World renowned Dartmouth professor Wilson Bledsoe is hunted down and brutally murdered on his way home from a party celebrating his latest honor. Wilson¿s brother, and FBI agent Sterling Bledsoe inserts himself into the search for the killer. He discards the pat solution that local authorities are ready to accept that racists killed Wilson. Sterling believes his brother¿s demise was based on a different motivation. He theorizes the murder had something to do with Wilson¿s pet project, the alarming number of blackbird deaths in the area. Sterling searches for clues he is certain his brother left that would shine light upon the mystery. With quality writing from the first page, Ian Smith pulls the reader into each scene with deft, masterful prose. The descriptions are detailed without becoming mired and slowing the story. The imagery of Wilson¿s flight from his attackers, and later, the condition of the body, is vivid and deeply affecting The only minus I would give this effort is that the brother, FBI agent Sterling Bledsoe triumphed in every obstacle during the investigation of his brother¿s murder. If he asked a question, it was answered right away. If he went looking for something it didn¿t take long to find it. Another thing I found weird was that his brother was murdered but there wasn¿t a scene with Sterling telling his girlfriend and though he was out of town dealing with this tragedy, she never called to check on him. I would love to see a prequel to The Blackbird Papers exploring Sterling¿s depression. Chocolatesleuth.com highly recommends this book and we look forward to Ian Smith¿s next novel.Was this review helpful? Yes NoThank you for your feedback. Report this reviewThank you, this review has been flagged.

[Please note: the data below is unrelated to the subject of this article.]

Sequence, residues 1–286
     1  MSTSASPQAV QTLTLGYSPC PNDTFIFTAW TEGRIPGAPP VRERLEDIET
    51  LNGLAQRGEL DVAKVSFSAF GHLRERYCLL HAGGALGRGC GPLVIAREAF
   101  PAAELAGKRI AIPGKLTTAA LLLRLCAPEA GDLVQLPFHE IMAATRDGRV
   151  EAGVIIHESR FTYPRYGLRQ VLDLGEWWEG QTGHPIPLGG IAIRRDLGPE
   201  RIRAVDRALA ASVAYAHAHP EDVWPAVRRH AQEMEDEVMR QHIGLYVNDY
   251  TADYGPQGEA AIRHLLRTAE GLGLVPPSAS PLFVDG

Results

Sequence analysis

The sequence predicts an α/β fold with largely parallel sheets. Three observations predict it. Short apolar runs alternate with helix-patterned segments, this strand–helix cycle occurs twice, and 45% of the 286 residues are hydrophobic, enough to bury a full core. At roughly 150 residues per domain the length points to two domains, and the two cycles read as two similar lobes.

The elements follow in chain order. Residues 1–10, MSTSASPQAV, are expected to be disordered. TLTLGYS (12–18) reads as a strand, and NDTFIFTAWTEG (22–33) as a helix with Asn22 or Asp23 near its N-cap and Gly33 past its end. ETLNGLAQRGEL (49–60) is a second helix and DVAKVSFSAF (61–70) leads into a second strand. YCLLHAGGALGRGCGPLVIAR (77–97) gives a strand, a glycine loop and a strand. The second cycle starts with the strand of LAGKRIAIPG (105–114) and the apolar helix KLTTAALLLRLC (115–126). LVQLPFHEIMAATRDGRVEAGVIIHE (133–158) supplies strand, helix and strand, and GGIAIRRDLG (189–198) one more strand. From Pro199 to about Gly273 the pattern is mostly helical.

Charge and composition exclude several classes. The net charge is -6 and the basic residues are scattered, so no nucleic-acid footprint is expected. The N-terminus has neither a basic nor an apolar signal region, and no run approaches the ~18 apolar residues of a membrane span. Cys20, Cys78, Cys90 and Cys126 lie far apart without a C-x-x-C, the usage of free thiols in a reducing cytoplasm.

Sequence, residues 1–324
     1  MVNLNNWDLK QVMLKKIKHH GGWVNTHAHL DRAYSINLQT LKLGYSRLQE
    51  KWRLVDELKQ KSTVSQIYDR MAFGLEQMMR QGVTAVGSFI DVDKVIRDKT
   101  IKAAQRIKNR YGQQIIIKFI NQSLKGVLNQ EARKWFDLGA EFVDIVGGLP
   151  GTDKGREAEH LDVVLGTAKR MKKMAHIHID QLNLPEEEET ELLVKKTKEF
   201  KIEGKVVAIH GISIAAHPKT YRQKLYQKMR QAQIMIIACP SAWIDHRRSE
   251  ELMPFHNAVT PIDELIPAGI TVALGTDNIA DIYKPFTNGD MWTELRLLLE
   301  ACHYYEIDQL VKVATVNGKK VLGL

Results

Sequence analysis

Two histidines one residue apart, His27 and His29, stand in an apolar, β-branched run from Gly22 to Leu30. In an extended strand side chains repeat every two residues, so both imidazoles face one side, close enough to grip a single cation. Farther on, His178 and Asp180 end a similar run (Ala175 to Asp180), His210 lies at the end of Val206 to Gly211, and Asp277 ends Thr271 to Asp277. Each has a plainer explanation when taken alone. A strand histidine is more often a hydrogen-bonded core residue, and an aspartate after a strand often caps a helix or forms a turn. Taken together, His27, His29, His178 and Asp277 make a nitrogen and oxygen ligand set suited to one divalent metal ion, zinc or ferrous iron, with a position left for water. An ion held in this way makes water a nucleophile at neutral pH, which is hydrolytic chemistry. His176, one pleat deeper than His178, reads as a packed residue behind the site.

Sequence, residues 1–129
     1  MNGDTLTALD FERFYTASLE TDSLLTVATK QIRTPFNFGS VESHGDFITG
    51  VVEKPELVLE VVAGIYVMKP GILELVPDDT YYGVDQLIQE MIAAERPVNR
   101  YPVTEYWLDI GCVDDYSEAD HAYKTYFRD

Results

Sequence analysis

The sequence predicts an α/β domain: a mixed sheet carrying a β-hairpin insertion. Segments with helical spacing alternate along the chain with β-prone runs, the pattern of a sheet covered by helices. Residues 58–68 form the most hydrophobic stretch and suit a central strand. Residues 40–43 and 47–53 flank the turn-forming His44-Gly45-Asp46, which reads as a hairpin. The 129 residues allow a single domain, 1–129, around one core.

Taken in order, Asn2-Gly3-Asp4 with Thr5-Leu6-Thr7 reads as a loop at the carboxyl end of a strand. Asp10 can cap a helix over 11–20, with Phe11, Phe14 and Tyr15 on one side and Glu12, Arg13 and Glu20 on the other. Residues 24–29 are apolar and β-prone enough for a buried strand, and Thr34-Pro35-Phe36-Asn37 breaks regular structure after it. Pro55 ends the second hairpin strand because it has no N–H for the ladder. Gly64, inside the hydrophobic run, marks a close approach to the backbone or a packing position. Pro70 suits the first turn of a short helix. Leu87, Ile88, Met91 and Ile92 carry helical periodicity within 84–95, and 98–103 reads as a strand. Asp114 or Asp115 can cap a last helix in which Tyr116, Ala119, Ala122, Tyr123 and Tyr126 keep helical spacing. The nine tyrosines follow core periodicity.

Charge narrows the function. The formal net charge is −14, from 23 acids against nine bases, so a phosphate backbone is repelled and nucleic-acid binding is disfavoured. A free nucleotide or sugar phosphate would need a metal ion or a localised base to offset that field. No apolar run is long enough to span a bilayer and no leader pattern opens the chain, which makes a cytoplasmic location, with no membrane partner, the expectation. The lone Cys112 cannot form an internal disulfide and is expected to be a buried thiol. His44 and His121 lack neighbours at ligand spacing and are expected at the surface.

Posted April 29, 2005
My hat is off to Mr. Ian Smith for creating an exciting, fast-moving, and realistic crime plot. The story had so many twists and turns which keeps the readers guessing and on the end of their seats. The novel held my interest from start to finish. With the exception of a couple of editing mistakes (Smith got Sterling¿s and Wilson¿s names confused during one occasion), the writing was superb. It was refreshing to read a work of fiction by an African American author that did not contain a storyline about somebody¿s `BABY MOMMA¿ or a Player trying to get over on a sista¿¿which I do enjoy reading myself from time-to-time. I got Mr. Smith¿s book from the library (FREE) but would not have regretted shelling out the hard cash for this exciting read. I highly recommend this novel for your private library. Enjoy.Was this review helpful? Yes NoThank you for your feedback. Report this reviewThank you, this review has been flagged.